Commission deals with security

Wednesday, January 24, 2018
Cornersville High School Principal Brent Adcox offers his thanks to the Marshall County Commission after they recognized this year’s Bulldog football team for their success on the field, making their first ever appearance in the 1A state championship game.
Tribune photo by Scott Pearson

After their December break, the Marshall County Commission returned to work on Monday night, addressing a long-term issue and approving a measure with long term benefits.

Commissioners approved the installation and manning of x-ray and metal-detecting equipment at the entrance to the Marshall County Courthouse.

Courthouse officials and employees have questioned the lack of security screening in the building for several years, especially in the wake of widely publicized violent incidents at courthouses and other government buildings nationwide.

Grant funds from the state Court Security Grant Program, totaling just over $25,000, will offset some of the equipment costs of an x-ray machine and magnetometers.

The county agreed a contract with G4S, a private security company, to staff and operate the security checkpoint.

Commissioners approved the transfer of just under $135,000 from the county’s administration of justice account to fund other equipment costs and cover the cost of the private contractor.

The commission also approved the payoff of two series of county general obligation bonds from 2011 and 2013.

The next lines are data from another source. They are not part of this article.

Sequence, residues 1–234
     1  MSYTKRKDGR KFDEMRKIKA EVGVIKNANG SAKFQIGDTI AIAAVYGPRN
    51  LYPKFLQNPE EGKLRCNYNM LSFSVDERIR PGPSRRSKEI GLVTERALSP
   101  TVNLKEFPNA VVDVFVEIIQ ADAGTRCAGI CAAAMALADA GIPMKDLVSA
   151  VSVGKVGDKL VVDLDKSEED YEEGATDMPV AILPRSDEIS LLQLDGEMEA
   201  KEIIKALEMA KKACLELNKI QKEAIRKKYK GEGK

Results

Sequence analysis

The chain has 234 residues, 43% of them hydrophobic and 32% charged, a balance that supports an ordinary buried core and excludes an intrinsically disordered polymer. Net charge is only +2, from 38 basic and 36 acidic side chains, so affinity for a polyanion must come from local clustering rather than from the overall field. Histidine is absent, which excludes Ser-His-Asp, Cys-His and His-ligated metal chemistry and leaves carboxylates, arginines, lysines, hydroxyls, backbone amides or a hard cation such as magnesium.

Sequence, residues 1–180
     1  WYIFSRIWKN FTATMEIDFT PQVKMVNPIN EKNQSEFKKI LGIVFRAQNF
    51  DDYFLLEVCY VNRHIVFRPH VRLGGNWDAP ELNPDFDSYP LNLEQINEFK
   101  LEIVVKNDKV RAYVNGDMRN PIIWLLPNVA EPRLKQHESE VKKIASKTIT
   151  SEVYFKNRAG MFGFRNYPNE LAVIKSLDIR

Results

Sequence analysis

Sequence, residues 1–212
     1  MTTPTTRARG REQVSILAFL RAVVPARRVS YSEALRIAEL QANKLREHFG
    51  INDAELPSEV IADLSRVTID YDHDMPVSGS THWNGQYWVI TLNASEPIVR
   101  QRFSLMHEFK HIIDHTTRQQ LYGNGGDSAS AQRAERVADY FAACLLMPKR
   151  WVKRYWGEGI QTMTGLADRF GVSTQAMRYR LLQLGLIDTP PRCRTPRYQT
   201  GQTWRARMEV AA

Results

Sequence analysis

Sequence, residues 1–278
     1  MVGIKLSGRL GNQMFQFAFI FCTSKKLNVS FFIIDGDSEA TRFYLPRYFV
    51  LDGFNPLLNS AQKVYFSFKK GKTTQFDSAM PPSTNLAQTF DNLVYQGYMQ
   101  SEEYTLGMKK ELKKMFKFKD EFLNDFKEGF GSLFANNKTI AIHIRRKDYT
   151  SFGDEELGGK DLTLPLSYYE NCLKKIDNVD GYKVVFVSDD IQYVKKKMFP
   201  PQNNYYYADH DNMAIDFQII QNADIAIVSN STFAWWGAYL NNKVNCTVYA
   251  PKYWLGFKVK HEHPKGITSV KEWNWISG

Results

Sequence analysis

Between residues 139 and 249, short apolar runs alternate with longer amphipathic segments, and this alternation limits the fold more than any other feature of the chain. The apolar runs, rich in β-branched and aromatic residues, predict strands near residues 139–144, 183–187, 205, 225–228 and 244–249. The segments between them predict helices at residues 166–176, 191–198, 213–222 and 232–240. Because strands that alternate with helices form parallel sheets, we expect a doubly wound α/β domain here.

The county has the $3.3 million needed to pay off the bonds in the debt service fund and can apply it to paying off the bonds early without impacting their ability to meet regular bond payments.

In total, retiring the bonds early will result in a savings to the county debt service fund of just under $400,000 over the next ten years.

The bulk of the bonds were issued for general government use, with smaller amounts for streets and highways and education.

The commission also approved the submission of a notice to the state, regarding the county’s compliance with the American’s with Disabilities Act.

The county has completed an ADA self-evaluation plan and is moving forward with a transition plan to adopt those recommendations.

Commissioners approved the application for a Community Development Block Grant as well, earmarked, if selected for the award, to extend water lines along Robertson Road, Dean Road, Haislip Hollow Road, and Virgil Beasley Road.

Total cost of the proposed projects is $743,000. The grant, administered by the Tennessee Department of Economic and Community Development, would cover $525,000, with the $218,000 balance provided by the Marshall County Board of Public Utilities.

The commission’s agenda initially included a revised request from the Rogers Group to rezone two parcels of land adjoining their Pottsville quarry to allow for expansion of their operations.

This is the second attempt to rezone the two parcels.

Their initial request to rezone approximately 300 acres met with resistance from residents living close to the quarry, concerned about vibration and noise from blasting and other associated issues.

That request was not acted upon by the commission after the Planning Commission voted to give the request an unfavorable recommendation.

The new request is for the same two parcels, but only roughly 150 acres.

The revised request was moved to the commission’s February agenda.

Weather conditions forced the cancellation of the Planning Commission meeting last Tuesday, and rezoning requests require a hearing before the Planning Commission before being presented to the County Commission for a vote.

The commission passed two resolutions requesting that the state legislature approve the naming of two county bridges, one on State Route 272 as the “William Harold and Lucille Fitzgerald Farler Memorial Bridge” and another on State Route 11 over East Rock Creek as the “F.C. ‘Buddy’ Musgrave, Jr. Memorial Bridge.”